Project management is listed as one of the top scarce skills in the country by the Department of Home Affairs, which has heightened the demand for certified project professionals.

This results in a potential earning advantage, especially for project managers who hold the Project Management Professional (PMP) certification.

Project Management Institute (PMI) has released the 13th edition of its, Earning Power: Project Management Salary Survey. Results show that survey respondents with PMP certification earn higher median salaries than those without PMP certification, 33% higher on average across the 21 countries surveyed.

PMP-certified project professionals in South Africa demonstrated the largest salary increase, topping the table with an increase of 67% in median salary than their non-certified peers. Colombia, with 65%, and Nigeria, with 60%, made the top three.

About two-thirds (66%) of the survey participants reported that their total compensation (including salary, bonus, and other cash incentives) increased over the 12 months before completing the survey. The data also shows a broad consensus that the PMP certification is valuable not only for salary growth but also for career development.

The survey data shows that the median salary of project professionals varies considerably from country to country and across variables. In South Africa, it is $54 668 (over R1-million) among project professionals.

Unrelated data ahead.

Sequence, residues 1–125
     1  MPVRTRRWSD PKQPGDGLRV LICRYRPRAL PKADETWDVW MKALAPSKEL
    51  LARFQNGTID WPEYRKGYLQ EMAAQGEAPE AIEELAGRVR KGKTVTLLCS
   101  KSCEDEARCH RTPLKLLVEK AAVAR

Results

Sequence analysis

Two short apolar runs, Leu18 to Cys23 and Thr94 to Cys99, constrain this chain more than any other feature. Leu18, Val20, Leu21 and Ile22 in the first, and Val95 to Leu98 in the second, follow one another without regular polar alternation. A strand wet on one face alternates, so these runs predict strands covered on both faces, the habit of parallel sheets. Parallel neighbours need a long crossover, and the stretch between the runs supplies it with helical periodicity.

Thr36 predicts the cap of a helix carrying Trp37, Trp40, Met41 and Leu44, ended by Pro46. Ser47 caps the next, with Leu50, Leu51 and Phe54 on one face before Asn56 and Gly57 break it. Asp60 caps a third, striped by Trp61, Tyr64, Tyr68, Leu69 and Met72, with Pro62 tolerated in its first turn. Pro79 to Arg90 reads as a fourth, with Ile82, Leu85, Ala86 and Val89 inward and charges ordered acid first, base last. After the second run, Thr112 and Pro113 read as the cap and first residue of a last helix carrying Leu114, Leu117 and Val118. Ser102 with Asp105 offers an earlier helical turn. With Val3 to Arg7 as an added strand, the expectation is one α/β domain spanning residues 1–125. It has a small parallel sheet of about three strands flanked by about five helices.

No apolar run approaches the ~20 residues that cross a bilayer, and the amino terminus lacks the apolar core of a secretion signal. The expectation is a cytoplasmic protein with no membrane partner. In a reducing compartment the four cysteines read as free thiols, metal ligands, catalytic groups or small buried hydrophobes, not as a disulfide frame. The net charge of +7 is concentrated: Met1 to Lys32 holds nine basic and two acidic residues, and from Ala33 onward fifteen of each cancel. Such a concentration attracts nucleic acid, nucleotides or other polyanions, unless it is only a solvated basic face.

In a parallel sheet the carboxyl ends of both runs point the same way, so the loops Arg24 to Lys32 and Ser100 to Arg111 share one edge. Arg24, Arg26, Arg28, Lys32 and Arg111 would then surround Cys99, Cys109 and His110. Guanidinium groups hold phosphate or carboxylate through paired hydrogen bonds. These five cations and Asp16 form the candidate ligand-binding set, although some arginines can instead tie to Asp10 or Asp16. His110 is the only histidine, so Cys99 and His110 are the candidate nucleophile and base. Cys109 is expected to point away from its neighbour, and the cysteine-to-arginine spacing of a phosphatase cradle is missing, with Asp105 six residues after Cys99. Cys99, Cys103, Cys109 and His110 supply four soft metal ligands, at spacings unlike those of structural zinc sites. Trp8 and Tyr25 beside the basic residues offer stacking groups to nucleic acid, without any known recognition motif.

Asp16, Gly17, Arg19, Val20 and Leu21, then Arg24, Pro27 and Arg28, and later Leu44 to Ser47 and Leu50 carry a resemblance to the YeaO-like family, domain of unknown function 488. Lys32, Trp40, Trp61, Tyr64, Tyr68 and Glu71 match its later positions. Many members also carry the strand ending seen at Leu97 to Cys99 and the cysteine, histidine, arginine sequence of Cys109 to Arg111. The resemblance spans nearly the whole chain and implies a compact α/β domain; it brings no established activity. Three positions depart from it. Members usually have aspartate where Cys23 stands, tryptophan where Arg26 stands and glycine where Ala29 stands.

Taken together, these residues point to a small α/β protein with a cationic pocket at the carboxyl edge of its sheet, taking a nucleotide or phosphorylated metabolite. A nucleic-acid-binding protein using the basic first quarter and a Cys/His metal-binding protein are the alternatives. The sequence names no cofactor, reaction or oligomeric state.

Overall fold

The latest edition of the biennial publication draws insights from over 20 000 respondents in 21 countries, 78% of whom hold the PMP certification. This report is a useful resource for professionals applying for project management roles and organisations seeking to fill them, as it helps define the earning power of project professionals around the world.

“Project management is a fulfilling career and, with the right certification rewarding too,” says George Asamani, MD of PMI Sub-Saharan Africa. “The PMP certification holds the potential to boost earning power, making it a must-have for professionals. Viewed as a scarce skill on the continent, PMI is intentional about supporting project professionals with globally recognised certifications at every career stage.

“Africa’s economic prospects hinge on various elements and strategies and include policy framework, capacity building, infrastructure, access to resources, technology, and R&D, amongst others. This requires a comprehensive approach involving various stakeholders, including governments, private sector entities, and civil society, working together. The final piece of this puzzle is project management – getting all these role players to deliver successful projects.”

While there can be a monetary advantage to earning the PMP certification, there are other benefits, including the fact that certified project professionals are in significant demand across industries and geographies, and hiring managers recognise the value of industry certifications and skills-based hiring.